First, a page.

Oh, right, I have a blog.
Hope I’m not too late on this one. If you’re like me, you still haven’t done much of your holiday shopping. What? There are still 2 weeks until Christmas, and Hanukkah doesn’t start until, like, tonight.
So, who isn’t tempted around the holidays, with all the great sales and so many people to impress, to buy, buy, buy? I know I’m susceptible. I adore buying gifts for people. It’s one of my favorite feelings to find the perfect gift for someone, something they mentioned off-hand once months ago, and had no idea you remembered.
That being said, I strongly believe there is just way too much stuff in this world. Finding the perfect gift is great, but buying just for the sake of giving something? Not so much. Here are my five best tips for making your holiday gift-giving a little greener, both in terms of the environment, and that extra cash you’ll still have in your wallet.
1. Buy Time
I love to give the gift of time spent together. This is one of my favorite gifts to give children, especially, rather than a plastic toy they’ll just outgrow and cast away. My sister and I like to do this for my little brother, who’s 7 – we’ve taken him on a day-trip to the Monterrey Bay Aquarium, and owe him a trip to the Academy of Sciences. He might not like it as much in the moment as another set of Star Wars Legos, but we like to think he’ll remember how his cool older sisters took him places when he was a kid. Beyond kids, this is a great gift for anyone in your life – a concert, a cooking class, even a meal out together at a place they’ve been wanting to try. And it won’t clutter their house or come wrapped in plastic.
Note: If you are forced to gift-give to someone you, ahem, are not the biggest fan of, it is totally acceptable to give them a gift of something to do that you don’t have to participate in!
2. Make – or Buy – Something Homemade
Homemade gifts are all the rage, especially in this economy, and for good reason. I like homemade foodie treats, like hot fudge (this recipe is super delicious), jams and infused alcohols. If I could sew or knit, I’d be all about those kind of hand-crafted gifts, but alas, my high school offered only Foods class, and not Home Ec.
If, like me, you’re not so crafty, turn to Etsy or Foodzie for something adorable or delicious (or both!). Both sites have Buy Local options, which I’ve linked to. Foodie gifts from your local farmers market are another great option. Give jams, olive oils, or whatever your area is known for. If you’re traveling to see your family anyway, bring them a special treat made in your hometown.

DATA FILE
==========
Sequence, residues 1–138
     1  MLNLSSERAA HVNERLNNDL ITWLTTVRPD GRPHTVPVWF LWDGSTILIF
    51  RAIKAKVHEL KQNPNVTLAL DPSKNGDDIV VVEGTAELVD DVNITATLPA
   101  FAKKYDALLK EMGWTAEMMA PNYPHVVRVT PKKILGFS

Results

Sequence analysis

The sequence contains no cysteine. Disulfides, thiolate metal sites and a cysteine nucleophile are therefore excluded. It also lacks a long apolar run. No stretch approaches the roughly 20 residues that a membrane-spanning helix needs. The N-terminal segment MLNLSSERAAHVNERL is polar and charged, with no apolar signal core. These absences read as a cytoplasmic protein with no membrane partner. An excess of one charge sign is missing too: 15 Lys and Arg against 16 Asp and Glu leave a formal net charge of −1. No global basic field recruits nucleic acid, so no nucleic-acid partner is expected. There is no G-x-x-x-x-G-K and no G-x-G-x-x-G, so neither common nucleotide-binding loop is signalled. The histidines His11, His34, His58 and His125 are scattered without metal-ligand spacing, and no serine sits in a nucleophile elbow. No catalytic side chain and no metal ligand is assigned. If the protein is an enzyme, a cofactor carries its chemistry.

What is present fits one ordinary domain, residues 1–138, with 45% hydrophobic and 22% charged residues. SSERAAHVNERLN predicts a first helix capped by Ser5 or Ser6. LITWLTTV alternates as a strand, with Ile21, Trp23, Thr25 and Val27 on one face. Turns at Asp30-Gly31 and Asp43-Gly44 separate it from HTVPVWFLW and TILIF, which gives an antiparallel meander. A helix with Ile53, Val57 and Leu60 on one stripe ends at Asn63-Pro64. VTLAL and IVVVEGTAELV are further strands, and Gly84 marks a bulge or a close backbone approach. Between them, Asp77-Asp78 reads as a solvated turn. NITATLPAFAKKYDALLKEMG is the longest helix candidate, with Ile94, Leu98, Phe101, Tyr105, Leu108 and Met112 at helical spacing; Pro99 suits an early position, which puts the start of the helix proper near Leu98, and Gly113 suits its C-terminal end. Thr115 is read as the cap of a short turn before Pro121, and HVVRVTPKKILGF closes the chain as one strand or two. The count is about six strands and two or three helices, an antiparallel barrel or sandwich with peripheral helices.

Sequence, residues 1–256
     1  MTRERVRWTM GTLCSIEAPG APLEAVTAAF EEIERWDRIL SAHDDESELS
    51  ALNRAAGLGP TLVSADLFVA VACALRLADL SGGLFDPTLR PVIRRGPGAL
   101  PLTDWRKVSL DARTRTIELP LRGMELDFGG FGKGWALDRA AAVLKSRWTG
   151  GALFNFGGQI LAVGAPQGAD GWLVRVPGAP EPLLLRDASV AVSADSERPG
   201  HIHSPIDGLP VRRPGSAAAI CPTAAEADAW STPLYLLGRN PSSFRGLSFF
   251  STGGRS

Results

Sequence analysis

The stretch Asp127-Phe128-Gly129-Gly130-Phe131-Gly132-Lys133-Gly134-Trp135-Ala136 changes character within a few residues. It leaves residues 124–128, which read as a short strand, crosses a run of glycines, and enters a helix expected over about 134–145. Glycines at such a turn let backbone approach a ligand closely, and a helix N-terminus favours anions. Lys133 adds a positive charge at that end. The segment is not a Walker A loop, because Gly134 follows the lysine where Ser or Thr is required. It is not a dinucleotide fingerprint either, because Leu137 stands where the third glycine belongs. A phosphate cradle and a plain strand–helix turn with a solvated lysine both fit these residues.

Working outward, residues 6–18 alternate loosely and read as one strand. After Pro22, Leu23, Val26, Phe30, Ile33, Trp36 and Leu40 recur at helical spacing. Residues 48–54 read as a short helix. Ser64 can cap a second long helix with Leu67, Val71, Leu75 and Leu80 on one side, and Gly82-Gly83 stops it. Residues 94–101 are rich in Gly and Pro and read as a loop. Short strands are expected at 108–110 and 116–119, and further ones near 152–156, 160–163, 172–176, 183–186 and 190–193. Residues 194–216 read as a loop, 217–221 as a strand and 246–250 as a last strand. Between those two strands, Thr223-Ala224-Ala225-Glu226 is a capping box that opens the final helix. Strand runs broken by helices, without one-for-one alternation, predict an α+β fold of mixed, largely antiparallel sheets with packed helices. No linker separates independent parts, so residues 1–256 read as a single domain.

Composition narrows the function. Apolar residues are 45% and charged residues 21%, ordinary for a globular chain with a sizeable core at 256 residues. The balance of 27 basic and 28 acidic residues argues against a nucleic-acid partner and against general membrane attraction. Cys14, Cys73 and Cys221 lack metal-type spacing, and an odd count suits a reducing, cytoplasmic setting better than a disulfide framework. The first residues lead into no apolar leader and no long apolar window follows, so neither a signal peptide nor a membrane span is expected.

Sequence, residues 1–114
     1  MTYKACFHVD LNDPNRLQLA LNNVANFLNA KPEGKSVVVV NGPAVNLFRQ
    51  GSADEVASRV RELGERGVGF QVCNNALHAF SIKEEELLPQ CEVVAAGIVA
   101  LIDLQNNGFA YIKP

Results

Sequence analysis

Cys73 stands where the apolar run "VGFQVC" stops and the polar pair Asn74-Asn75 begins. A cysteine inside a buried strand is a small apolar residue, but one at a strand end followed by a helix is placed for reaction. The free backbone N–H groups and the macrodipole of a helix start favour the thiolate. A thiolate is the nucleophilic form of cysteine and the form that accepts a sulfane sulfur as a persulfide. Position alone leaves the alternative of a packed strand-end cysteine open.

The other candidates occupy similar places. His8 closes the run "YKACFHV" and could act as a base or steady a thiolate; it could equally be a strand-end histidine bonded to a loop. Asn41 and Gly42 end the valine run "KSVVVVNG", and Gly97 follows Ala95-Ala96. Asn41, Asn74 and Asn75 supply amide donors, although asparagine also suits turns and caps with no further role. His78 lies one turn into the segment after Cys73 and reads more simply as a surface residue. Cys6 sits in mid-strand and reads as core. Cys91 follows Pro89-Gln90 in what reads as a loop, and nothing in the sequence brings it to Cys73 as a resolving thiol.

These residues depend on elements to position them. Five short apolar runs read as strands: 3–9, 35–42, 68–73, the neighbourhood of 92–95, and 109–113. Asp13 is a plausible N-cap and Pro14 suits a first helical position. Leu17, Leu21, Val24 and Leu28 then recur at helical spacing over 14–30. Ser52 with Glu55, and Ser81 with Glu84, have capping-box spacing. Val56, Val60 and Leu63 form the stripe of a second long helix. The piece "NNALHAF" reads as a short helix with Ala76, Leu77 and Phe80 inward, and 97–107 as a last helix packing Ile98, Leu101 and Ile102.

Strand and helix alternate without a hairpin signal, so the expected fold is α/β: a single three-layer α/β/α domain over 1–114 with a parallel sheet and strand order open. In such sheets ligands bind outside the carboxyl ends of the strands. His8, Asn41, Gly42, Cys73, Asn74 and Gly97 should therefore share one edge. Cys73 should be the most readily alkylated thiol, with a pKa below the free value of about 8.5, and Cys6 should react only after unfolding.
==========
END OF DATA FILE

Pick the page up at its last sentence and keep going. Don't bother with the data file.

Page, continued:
3. Buy Used or Secondhand New
Who says a gift has to be brand new? I love scouring Craigslist for gift ideas. Chances are someone has whatever you need, used it once, and decided they didn’t need it. You’ll save money and reduce your impact – what’s not to love about that? Have a friend or family member you just can’t imagine giving a previously-been-owned gift? Craigslist and eBay are full of items I like to call “secondhand new,” those that someone bought, never used, and never got around to returning.
4. Buy One Less
One of my favorite rules for holiday gift giving is to buy “one less.” For example, if you have the idea for 3 perfect gifts for someone, and you’re only able to get 2 of them, they won’t know. All they’ll realize is that they got two fantastic gifts from you, and they’ll never know about that just absolutely perfect gift you had to get them but couldn’t track down in time. This has helped take the pressure off me when I’m looking for “just one more” perfect gift.
5. Ask What They Want
It’s not very romantic or mysterious, but asking what someone wants is a great way to reduce. This is admittedly hard for me, because I do love the surprise-and-delight factor. But so many times what I think is the perfect gift for someone might not be everything they ever dreamed of and more. Asking what someone wants will make the recipient happy, and you won’t have wasted your money on something they’ll never use anyway.
That about wraps it up, and speaking of wrapping? Remember that while colorful holiday wrapping paper may be cute, it’s not so adorable when you think about it being shipped overseas to be recycled or meeting its untimely death in a landfill. Try newspapers, scraps of cloth, and reusing old gift bags this season!
Are you planning to use any of these tips to “green” your holiday season? What are your best green holiday tips?